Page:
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Acting SecDef Shanahan on the Mueller report: US has ‘tremendous capability’ to counter Russian hackers
The Russians are not the only game in town when it comes to cyberwarfare, Acting Defense Secretary Patrick Shanahan said on Thursday amid revelations in the Mueller report about how Russian intelligence officers interfered with the 2016 presidential election.
Released on Thursday, a redacted copy of the report details how the GRU – Russian military intelligence – broke into government, company, and personal computers to steal a treasure trove of information that was used to smear Hillary Clinton.
But the U.S. government is not helpless against Russian hackers, said Shanahan, who has not read the Mueller report.
"The Russians present a risk," Shanahan told reporters on Thursday. "My job is to manage the risk. We have tremendous capability at Cyber Command and the NSA."
The Mueller report shows how GRU units waged a campaign aimed at tilting the 2016 election in then candidate Donald Trump's favor. The Russians ultimately released hundreds of thousands of documents to Wikileaks and other organizations to interfere with the presidential election.
GRU Military Units 26165 and 74455 were involved with the hacking of the Clinton campaign, the Democratic National Committee, and the Democratic Congressional Campaign Committee, the report says.
"Military Unit 26165 is a GRU cyber unit dedicated to targeting military, political, governmental, and non-governmental organizations outside of Russia, including in the United States," the report says. "The unit was sub-divided into departments with different specialties. One department, for example, developed, specialized malicious software ('malware'), while another department conducted large-scale spear phishing campaigns."
"Military Unit 74455 is a related GRU unit with multiple departments that engaged in cyber operations. Unit 74455 assisted in the release of documents stolen by Unit 26165, the promotion of those releases, and the publication of anti-Clinton content on social media accounts operated by the GRU. Officers from Unit 74455 separately hacked computers belonging to state boards of elections, secretaries of state, and U.S. companies that supplied software and other technology related to the administration of elections."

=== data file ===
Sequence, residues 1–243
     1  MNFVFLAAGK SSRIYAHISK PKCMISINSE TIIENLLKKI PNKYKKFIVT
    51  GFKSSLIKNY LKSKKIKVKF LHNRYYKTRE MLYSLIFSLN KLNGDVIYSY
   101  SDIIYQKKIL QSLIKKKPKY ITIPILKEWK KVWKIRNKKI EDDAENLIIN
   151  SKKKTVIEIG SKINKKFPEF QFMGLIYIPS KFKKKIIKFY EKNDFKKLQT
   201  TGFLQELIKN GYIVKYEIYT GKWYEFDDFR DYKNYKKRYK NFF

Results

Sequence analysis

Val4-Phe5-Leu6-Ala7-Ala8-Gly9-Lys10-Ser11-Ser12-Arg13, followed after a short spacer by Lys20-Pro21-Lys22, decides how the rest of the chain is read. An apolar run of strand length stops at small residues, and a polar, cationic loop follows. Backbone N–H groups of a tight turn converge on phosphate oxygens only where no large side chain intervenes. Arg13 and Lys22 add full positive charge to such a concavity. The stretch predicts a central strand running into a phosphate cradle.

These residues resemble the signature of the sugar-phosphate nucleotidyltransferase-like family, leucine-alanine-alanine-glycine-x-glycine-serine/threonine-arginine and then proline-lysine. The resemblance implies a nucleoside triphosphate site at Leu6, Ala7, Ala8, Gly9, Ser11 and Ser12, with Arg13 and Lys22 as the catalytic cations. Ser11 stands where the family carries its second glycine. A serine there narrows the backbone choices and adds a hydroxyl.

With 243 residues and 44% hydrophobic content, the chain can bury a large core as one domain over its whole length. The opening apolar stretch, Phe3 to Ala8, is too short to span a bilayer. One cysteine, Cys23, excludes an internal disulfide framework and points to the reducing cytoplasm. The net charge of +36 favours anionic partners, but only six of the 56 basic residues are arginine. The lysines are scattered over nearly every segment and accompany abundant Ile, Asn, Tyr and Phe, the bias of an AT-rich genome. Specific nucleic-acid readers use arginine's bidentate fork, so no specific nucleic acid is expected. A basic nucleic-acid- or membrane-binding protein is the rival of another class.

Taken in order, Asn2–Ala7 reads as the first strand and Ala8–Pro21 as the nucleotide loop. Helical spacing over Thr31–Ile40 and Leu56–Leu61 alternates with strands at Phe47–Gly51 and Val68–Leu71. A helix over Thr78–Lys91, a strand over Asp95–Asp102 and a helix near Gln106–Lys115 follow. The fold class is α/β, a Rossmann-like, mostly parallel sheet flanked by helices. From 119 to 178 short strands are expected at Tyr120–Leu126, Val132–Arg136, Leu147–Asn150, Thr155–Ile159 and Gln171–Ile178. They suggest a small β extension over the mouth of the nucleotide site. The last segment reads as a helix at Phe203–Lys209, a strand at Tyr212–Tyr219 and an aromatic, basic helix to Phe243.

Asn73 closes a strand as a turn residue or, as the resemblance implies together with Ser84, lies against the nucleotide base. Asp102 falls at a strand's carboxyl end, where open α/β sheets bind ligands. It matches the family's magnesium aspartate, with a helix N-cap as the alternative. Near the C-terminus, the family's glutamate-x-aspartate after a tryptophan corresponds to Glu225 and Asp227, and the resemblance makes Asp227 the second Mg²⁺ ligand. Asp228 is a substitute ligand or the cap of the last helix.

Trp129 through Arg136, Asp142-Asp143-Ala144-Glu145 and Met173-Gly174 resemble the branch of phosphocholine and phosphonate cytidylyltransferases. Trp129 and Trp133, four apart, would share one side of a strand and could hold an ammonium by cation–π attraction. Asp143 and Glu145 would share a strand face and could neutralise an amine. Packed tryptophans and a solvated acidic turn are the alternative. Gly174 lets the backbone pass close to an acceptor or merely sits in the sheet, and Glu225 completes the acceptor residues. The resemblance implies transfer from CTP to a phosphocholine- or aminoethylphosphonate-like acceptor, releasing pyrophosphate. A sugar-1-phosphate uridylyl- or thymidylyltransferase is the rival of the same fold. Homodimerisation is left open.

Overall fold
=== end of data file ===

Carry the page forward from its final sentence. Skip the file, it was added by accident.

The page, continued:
As early as April 16, 2016, the GRU began planning to release the stolen documents by registering the domain name "DCleaks.com," the report says. That June, the GRU used the fictitious persona "Guccifer 2.0" to release more documents.
More troubling, the GRU sent stolen information to a candidate for Congress, a blogger who covers Florida politics, and a reporter, the report says. None of those people were named in the report.
The report also notes that the GRU used the Guccifer 2.0 persona to contact a former Trump campaign member, whose name is redacted, but it does not appear that the campaign staffer was interested in the stolen information.
In July, a grand jury indicted 10 GRU officers for their role in the hacking, but Russia does not have an extradition treaty with the United States.
SEE ALSO: Erik Prince's Secret Seychelles Trip Was Actually An Embarrassing Failure, According To The Mueller Report
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A group of vets are raising money for pay for a medal the Iraqi government awarded them, but never delivered
In June 2011 Iraq's defense minister announced that U.S. troops who had deployed to the country would receive the Iraq Commitment Medal in recognition of their service. Eight years later, millions of qualified veterans have yet to receive it.
The reason: The Iraqi government has so far failed to provide the medal to the Department of Defense for approval and distribution.
A small group of veterans hopes to change that.
For a cool $8.5 million, you could be the proud owner of a "fully functioning" F-16 A/B Fighting Falcon fighter jet that a South Florida company acquired from Jordan.
The combat aircraft, which can hit a top speed of 1,357 mph at 40,000 feet, isn't showroom new — it was built in 1980. But it still has a max range of 2,400 miles and an initial climb rate of 62,000 feet per minute and remains militarized, according to The Drive, an automotive website that also covers defense topics, WBDO News 96.5 reported Wednesday.
A doctor who treated accident victims has a radioactive isotope in his body. Russia says it came from his diet
MOSCOW (Reuters) - Russian authorities said on Friday that a doctor who treated those injured in a mysterious accident this month had the radioactive isotope Caesium-137 in his body, but said it was probably put there by his diet.
The deadly accident at a military site in northern Russia took place on Aug. 8 and caused a brief spurt of radiation. Russian President Vladimir Putin later said it occurred during testing of what he called promising new weapons systems.
Groundwater at the Air Force Academy is contaminated with the same toxic chemicals polluting a southern El Paso County aquifer, expanding a problem that has cost tens of millions of dollars to address in the Pikes Peak region.
Plans are underway to begin testing drinking water wells south of the academy in the Woodmen Valley area after unsafe levels of the chemicals were found at four locations on base, the academy said Thursday.